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Fuel Industry


The fuel industry includes businesses and institutions that extract, process, refine, or transport materials for sources of energy. Materials include: 

See also: Ammonia Crude Oil Gasoline Methane Natural Gas Nitrogen Oxides Propane Styrene Toluene Volatile Organic Compounds (VOCs)

What are they?

Fuel pipelines are large pipes used to transport crude oil, gasoline, natural gas, propane, or other liquid fuels. Pipelines transport fuel from production wells to refineries and then to storage and distribution terminals. 

Many fuel pipelines are underground. Above-ground pipelines are often used to transport fuel to and from marine terminals. They also transport oil in places like Alaska, where it is too cold to place pipelines underground. 

Marine terminals use fuel pipelines to load or unload tankers and ships that transport crude oil, petroleum products, or liquefied natural gas. At marine terminals, pipelines transport fuel to storage tanks and then onto ships for transport to processing and refining facilities. Fuel is unloaded through pipelines from the tankers to storage tanks and loaded onto small vessels such as barges for further transport.

Why are they a concern?

Though fuel pipelines have a good safety record, they can fail, causing leaks, spills, or explosions. Pipeline failures can cause human injuries and even death. Failures also expose people to harmful pollutants. 

Pipelines can fail because of corrosion or damage from excavation. They can also fail due to damage from weather or other outside sources. 

What pollutants are of greatest concern and who is at risk?

When pipelines fail, they can leak or spill their contents. This exposes people to materials that bear harmful pollutants, including:

Pipeline workers and communities near a failed pipeline are at risk.

Additional Resources
  • Pipeline Basics (Dept. of Transportation)

    Information about pipelines, including their purpose, and links to additional relevant resources.

What is it?

Crude oil, natural gas, and geothermal energy can be extracted through a process called hydraulic fracturing—or fracking. Fracking injects water, sand, and chemicals deep into the ground. These fluids open or expand cracks in underground rocks. The cracks then release oil, natural gas, or geothermal energy, which is heat contained in the rock and fluids underground.

Why is it a concern?

Fracking uses toxic chemicals that may contaminate water and air. Fracking fluids may leak through cracks into drinking water aquifers. They may also spill onto the ground and contaminate surface water and groundwater.

Traffic and diesel fumes from generators and trucks going into and out of the fracking site contribute to air pollution.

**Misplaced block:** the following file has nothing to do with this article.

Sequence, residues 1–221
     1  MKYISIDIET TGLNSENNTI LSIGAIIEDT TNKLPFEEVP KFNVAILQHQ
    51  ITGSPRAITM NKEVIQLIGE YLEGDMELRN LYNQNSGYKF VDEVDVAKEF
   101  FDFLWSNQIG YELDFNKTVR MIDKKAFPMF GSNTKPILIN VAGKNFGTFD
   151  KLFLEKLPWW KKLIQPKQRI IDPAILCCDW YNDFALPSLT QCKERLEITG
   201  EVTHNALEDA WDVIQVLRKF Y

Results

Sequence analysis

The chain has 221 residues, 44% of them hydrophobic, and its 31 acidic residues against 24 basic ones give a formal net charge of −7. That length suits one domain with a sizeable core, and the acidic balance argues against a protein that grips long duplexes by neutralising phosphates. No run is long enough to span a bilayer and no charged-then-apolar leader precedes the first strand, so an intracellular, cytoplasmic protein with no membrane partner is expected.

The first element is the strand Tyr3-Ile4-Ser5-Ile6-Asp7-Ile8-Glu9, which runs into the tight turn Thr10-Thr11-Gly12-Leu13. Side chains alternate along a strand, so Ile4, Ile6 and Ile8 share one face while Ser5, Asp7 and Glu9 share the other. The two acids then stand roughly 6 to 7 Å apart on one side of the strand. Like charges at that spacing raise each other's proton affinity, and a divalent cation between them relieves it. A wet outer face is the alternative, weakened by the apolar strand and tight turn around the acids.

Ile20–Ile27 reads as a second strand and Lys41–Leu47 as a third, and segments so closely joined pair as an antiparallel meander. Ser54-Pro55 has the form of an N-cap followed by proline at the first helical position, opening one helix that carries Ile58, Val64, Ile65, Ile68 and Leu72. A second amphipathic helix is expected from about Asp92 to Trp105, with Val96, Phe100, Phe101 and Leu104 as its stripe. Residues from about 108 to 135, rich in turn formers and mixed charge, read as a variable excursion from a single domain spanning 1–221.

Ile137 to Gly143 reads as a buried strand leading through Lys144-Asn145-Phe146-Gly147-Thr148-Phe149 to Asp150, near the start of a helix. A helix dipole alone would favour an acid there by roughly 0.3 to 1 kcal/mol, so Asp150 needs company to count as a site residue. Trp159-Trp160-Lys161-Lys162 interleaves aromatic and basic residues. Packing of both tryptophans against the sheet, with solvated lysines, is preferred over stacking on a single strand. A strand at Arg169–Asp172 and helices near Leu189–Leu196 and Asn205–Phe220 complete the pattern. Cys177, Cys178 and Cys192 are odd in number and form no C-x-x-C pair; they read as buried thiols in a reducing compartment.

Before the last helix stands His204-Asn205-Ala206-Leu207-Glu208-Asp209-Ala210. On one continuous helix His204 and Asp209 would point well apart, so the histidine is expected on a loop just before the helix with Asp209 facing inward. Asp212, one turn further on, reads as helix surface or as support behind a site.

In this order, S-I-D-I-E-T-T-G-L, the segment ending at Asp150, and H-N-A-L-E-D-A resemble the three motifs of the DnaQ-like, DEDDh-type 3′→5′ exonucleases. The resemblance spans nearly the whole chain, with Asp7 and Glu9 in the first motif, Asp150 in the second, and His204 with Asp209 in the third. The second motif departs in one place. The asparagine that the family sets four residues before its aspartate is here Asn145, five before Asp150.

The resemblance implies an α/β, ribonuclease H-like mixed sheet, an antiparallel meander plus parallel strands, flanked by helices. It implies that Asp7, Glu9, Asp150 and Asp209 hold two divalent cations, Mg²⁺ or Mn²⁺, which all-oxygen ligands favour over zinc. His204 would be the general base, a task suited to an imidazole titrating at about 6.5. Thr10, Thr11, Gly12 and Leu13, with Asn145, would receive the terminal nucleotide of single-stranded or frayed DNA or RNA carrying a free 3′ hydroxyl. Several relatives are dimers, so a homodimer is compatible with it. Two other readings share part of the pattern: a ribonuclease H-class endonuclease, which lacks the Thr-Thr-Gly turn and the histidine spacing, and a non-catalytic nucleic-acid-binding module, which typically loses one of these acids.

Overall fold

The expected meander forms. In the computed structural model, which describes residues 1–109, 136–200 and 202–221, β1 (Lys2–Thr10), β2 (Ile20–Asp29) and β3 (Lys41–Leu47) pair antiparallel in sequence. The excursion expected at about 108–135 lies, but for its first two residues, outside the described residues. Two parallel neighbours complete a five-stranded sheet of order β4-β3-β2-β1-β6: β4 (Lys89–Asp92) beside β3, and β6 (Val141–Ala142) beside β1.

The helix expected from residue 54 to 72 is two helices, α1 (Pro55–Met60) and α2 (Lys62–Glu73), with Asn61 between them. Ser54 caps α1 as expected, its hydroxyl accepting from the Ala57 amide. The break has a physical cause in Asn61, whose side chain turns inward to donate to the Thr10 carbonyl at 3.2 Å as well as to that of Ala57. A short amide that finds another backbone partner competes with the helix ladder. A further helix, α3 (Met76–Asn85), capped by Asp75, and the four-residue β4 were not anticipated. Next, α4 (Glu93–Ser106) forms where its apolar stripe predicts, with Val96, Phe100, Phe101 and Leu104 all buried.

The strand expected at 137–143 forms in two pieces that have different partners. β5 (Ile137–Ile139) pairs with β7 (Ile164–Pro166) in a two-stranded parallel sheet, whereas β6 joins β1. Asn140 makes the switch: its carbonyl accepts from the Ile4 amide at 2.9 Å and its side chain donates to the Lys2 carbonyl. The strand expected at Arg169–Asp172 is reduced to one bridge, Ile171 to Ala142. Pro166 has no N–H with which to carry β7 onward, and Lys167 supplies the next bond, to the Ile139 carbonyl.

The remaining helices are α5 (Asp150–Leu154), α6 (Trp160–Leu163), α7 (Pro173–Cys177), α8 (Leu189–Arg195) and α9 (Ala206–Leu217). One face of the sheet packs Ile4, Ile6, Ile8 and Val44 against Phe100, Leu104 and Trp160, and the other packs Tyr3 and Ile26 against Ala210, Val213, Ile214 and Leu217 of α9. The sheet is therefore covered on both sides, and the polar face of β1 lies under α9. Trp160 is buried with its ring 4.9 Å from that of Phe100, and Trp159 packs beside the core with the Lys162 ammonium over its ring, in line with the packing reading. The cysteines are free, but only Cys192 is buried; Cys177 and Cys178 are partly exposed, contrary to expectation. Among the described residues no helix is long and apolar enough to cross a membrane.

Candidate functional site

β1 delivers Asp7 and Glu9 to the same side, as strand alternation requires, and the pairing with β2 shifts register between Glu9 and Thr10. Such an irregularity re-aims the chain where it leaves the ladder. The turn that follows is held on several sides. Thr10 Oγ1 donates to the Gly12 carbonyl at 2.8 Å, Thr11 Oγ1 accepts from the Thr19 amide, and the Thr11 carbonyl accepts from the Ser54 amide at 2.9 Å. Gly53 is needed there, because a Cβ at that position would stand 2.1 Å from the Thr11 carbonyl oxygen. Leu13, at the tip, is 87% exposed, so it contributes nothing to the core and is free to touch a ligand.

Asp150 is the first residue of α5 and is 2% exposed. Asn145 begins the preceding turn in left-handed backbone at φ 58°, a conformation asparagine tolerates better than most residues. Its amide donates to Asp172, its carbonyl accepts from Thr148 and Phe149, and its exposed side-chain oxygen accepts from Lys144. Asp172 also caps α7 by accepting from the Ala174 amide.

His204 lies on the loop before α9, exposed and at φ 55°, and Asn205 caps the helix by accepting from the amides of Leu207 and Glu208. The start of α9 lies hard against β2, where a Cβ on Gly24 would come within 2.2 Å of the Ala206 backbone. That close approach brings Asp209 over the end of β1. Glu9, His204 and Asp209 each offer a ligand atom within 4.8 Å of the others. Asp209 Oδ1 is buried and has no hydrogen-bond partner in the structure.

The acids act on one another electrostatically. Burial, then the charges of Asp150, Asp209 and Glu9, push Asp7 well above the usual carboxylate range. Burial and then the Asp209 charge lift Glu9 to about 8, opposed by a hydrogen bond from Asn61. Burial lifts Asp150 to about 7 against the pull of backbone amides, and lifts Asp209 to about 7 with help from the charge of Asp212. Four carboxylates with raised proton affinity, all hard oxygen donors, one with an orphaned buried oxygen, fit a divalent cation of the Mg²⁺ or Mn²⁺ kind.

What pollutants are of greatest concern and who is at risk?

Chemicals associated with fracking include hazardous air pollutants and carcinogens, including: 

Workers and communities near a fracking site are at risk.

National Library of Medicine Resources and Databases
  • Ozone

    Curated links to current consumer health information on the effect of ozone exposure on human health, including background information, related issues, clinical trials, journal articles, targeted resources for children.

Additional Resources
  • Hydraulic Fracturing and Health (National Institute of Environmental Health Sciences)

    Factsheet with answers to questions about hydraulic fracturing and associated risks to environmental and human health, from an institute that investigates the interplay between environmental exposures, human biology, genetics, and common diseases to help prevent disease and improve human health.

What are they?

Oil and gas fields are areas where crude oil and natural gas have built up under the land’s surface. These fields can also be offshore in lakes and oceans. Operators drill in these fields to extract oil and gas for sources of energy.

Why are they a concern?

Oil and gas operations pose many health and safety concerns, including: 

  • Air pollution – such as from compressor stations, storage tanks, and vehicles
  • Drilling waste – harmful pollutants found in drilling mud, rock waste, and drilling fluids
  • Radioactive waste– naturally occurring radioactive materials underground that surface during drilling and may cause harm
  • Contaminated water – underground water that is pumped to the surface during drilling and may expose people to pollutants

Other safety concerns at oil and gas fields are: 

  • Open waste pits
  • Abandoned wells
  • Drilling equipment
  • Cleaning and pumping activities
  • Fires
  • Explosions
  • Confined spaces where gases can build up

What pollutants are of greatest concern and who is at risk?

Oil and gas production can give off hazardous pollutants, including: 

Workers and communities near an oil and gas production site are at risk.

Additional Resources

Reduce your risk

  • Do you live or work near fracking sites, fuel pipelines, or oil and gas fields?
  • If you live near one of the above sites, do you use well water?
  • Avoid outside activities near these sites.
  • Avoid inhalation of dust from trucks and cars.
  • Test your well water routinely for possible chemical contamination.
  • If your well water has high levels of chemicals, contact your local or state health agency or the Centers for Disease Control and Prevention (CDC) for information on how to reduce your exposure to these chemicals.
  • Do not let children play near a fuel industry site.
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